The U.S. government accused Sprint (NYSE:S) for over-charging by as much as 50 percent for court-ordered wiretaps the carrier provided to the Federal Bureau of Investigation, the Drug Enforcement Administration and other law-enforcement agencies.
In all, according to a lawsuit filed Monday by the U.S. Justice Department, the federal government overpaid Sprint by $21 million over a period of three and a half years.
According to the lawsuit, Sprint allegedly increased bills it submitted to federal law-enforcement agencies for wiretaps and other surveillance in order to cover capital expenditures necessary to respond to the requests. The lawsuit argues that doing so is illegal and against FCC rules. The suit also alleges that Sprint covered up the extra charges that were included in the bills paid by the FBI and others by billing them as regular surveillance costs.
"Because Sprint's invoices for intercept charges did not identify the particular expenses for which it sought reimbursement, federal law enforcement agencies were unable to detect that Sprint was requesting reimbursement of these unallowable costs," the Justice Department said in the lawsuit.
Sprint said it did not break the law and would fight the lawsuit. "Under the law, the government is required to reimburse Sprint for its reasonable costs incurred when assisting law enforcement agencies with electronic surveillance," Sprint spokesman John Taylor said in a statement distributed to multiple news outlets. "The invoices Sprint has submitted to the government fully comply with the law. We have fully cooperated with this investigation and intend to defend this matter vigorously."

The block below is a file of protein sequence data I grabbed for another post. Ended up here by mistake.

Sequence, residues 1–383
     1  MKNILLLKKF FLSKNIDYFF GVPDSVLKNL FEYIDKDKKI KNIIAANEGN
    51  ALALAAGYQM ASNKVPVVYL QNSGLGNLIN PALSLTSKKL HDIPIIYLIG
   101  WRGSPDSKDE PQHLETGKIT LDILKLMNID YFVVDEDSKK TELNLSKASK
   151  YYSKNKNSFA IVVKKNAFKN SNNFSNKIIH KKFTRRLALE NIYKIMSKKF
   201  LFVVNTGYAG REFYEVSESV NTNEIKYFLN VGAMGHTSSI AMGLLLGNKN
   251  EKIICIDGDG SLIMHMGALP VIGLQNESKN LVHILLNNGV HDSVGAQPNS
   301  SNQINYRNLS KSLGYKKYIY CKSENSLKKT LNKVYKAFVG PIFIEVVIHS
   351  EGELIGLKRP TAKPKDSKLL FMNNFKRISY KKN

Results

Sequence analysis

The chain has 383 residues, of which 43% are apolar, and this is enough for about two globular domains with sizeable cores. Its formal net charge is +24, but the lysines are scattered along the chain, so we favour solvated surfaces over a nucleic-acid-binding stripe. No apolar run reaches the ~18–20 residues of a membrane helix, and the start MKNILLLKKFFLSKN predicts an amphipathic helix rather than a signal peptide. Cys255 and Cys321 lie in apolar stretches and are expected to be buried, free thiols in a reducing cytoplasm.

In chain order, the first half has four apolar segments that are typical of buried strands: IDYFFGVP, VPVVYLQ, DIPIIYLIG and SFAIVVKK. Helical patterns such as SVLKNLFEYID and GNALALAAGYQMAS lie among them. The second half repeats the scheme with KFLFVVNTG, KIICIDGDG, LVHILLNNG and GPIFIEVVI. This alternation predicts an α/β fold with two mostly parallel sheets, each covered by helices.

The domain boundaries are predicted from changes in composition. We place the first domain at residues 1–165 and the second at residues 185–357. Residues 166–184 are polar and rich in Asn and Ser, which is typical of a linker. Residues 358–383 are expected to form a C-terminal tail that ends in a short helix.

Carriers as part of wiretaps often set up so-called "pen registers," which record data about incoming and outgoing calls but not the content of the calls. As part of the process, carriers can charge law enforcement agencies for the cost of setting up the wiretap, but they need to go through a separate process to recover some of the costs.
The lawsuit was filed under the False Claims Act, which allows courts to award up to three times the amount overpaid by the government. As the Wall Street Journal notes, in 2006 the FCC ruled that carriers can't pass on the cost of complying with requirements. Sprint changed how much it charged at the time, the government alleges, but didn't cut its rates enough.
In 2010, Sprint changed its rates again to remove the allegedly inappropriate extra costs, the government claims. Sprint's Taylor said the change in fees came after a "periodic routine review of rates."
- see this WSJ article (sub. req.)
- see this Reuters article
- see this CNET article
- see this ArsTechnica article
NSA review panel recommends changes to telephone metadata program
Apple, Google, Microsoft among tech giants calling for surveillance reform
NSA tracking location data on hundreds of millions of cell phones, according to Snowden leak
NSA confirms pilot program that tried to track cell phone location data